When it comes to power outages, there is strength in numbers: The more of your neighbors who are also suffering from a lack of power, the sooner the electric utility will address your outage. An outage that affects only one individual customer is last in line.
As Peco's storm recovery efforts stretched into a third day following Friday's nor'easter, the utility was systematically restoring power to customers. Out of 630,000 customers who were affected by the storm, about 40,000 still had no power Monday evening. That was about 2,245 separate outages — or about 18 customers per outage.
Peco said about 1,000 mutual assistance workers from utilities as far away as Texas were working on its system Monday, reinforcing Peco's workforce of 2,600 employees, including back-office personnel. While racing to restore service by midweek, the utility has one eye out on a second nor'easter forecast to arrive on Wednesday, said Liz Williamson, a Peco spokeswoman.
After a storm hits, utilities follow a standard practice enshrined by state regulators across the nation and restore power first to critical public safety and health facilities: police stations, hospitals, nursing homes, and operations such as water-pumping stations, without which water taps would gradually begin to run dry.
The Pennsylvania Public Utility Commission, which closely monitors storm responses, also encourages electric utilities to work with county emergency management officials during storm events on critical infrastructure prioritization, said Nils Hagen-Frederiksen, the PUC's spokesman.
Then utilities prioritize outage repairs by the number of customers affected. The least-complicated repairs that affect the most customers get the highest priority.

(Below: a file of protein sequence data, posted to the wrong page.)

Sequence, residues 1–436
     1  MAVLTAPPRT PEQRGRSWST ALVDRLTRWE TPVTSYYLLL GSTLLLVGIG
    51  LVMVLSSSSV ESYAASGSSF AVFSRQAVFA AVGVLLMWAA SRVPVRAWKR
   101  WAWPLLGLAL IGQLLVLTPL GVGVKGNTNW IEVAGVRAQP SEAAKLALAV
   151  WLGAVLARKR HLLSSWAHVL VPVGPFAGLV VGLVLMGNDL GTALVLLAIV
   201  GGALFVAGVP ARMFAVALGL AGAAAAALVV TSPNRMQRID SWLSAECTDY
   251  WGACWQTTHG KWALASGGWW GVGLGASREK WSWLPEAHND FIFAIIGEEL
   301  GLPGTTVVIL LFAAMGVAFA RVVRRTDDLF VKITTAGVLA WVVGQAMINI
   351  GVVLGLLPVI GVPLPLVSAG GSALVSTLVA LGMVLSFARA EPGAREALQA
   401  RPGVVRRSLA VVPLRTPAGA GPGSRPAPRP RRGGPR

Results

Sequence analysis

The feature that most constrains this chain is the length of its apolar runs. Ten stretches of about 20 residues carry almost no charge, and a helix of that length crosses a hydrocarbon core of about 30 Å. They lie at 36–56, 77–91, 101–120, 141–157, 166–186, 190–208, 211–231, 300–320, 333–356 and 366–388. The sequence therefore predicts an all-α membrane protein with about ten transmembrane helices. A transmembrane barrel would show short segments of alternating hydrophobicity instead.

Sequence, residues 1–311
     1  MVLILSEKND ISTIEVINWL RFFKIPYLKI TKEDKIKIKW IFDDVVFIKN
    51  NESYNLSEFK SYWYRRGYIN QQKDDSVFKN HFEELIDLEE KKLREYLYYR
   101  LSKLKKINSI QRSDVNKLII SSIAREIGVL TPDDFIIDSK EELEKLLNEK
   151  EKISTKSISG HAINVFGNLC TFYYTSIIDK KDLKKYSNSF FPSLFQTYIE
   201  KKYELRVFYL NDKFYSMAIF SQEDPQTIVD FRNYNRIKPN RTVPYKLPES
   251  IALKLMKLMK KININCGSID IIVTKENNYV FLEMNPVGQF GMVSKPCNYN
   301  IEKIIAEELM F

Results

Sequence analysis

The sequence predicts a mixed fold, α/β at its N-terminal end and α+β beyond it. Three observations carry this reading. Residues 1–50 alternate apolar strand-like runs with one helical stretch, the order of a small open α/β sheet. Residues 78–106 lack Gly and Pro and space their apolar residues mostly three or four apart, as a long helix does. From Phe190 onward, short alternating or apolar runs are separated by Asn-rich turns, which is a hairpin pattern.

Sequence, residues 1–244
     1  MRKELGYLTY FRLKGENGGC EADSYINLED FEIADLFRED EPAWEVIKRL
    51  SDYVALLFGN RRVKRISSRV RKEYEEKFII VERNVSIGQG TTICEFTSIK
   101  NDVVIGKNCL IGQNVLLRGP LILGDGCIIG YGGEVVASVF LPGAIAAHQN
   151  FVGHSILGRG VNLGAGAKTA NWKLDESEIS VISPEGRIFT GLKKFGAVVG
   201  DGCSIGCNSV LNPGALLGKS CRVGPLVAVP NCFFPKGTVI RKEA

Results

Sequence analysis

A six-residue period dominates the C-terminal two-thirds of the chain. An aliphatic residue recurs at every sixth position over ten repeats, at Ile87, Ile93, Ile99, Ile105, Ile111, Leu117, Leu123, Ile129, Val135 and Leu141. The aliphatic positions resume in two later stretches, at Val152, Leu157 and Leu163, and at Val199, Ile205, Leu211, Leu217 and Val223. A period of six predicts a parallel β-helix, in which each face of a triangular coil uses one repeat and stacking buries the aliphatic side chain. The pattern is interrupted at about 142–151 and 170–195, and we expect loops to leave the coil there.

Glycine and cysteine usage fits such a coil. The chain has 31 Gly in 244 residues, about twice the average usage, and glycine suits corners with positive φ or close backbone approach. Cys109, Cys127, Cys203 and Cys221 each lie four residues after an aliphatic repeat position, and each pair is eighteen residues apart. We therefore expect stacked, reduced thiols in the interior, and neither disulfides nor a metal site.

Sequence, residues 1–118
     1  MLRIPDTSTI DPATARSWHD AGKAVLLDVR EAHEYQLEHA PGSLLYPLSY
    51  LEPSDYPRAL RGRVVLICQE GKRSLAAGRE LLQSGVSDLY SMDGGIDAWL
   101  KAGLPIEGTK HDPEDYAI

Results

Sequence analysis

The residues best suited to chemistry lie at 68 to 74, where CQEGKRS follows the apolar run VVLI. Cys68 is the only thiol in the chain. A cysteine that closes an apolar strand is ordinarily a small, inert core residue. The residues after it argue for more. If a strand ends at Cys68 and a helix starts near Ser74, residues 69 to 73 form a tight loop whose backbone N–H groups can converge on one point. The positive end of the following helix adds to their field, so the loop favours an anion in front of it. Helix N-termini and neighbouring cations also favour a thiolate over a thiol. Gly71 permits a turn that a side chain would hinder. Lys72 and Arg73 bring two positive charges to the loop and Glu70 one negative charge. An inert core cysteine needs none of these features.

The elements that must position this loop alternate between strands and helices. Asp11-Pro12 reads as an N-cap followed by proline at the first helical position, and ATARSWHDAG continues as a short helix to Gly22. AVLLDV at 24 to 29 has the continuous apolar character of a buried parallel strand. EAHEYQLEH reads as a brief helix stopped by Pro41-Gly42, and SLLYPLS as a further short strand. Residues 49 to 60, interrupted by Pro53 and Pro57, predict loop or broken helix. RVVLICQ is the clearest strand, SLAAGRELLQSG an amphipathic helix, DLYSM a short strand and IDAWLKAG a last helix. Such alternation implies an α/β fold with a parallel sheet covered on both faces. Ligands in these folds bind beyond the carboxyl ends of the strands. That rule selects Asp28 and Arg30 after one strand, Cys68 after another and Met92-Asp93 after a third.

Customers at the beginning of a circuit — those nearest substations — also move up the priority list because their service may affect customers farther downstream on the distribution system.
As the total numbers come down, each fix restores a progressively smaller number of customers. The utility may require as much time and expense to restore service to one or two customers at the end of a circuit as it did to repair a single fault that knocked out 1,000 customers.
Atlantic City Electric, which was not hit as hard as Pennsylvania utilities by Friday's storm, reported it had 1,184 customers out of power in 345 separate outages on Sunday. By Monday afternoon, ACE had reduced the number of dark customers to 176. But it still has 107 separate outages, or fewer than two customers per outage.
Peco's chief operating officer, Mike Innocenzo, said in an interview Sunday that he knows it is cold comfort to customers still without power that the utility was able to restore service to more than half a million customers in 48 hours. Some remote customers may not be restored until midweek, he said.
"We certainly understand the frustrations, and we get how important it is," he said. "Until we get the very last customer on, we're not done, and we continue to pull in resources and work around the clock until we get every last customer on."
Peco, which has 1.6 million customers in Philadelphia and five other counties, indicates on its online outage map that some customers could be without service through Thursday.
With modern smart-grid technology, utilities now can automatically determine which customers are not getting service, and sometimes can remotely divert power to affected customers from neighboring circuits and partially restore an outage.
Once utilities determine which customers will get repaired first, they try to communicate a realistic estimated restoration time to customers. They have learned from experience the pitfalls of failing to meet overestimated restoration times.
A risk that utilities also face with promising restoration times is that upon fixing a fault, they discover some remaining customers on the circuit still lack power because of a previously unknown fault — a "nested outage." A nested outage then becomes a new job that reenters the utility's repair queue, sometimes with a lower priority.
Elected officials often pressure utilities to fix the faults of their constituents first, and utilities employ vast teams of government affairs experts to maintain communications with local officials.
Regulators frown on any favoritism.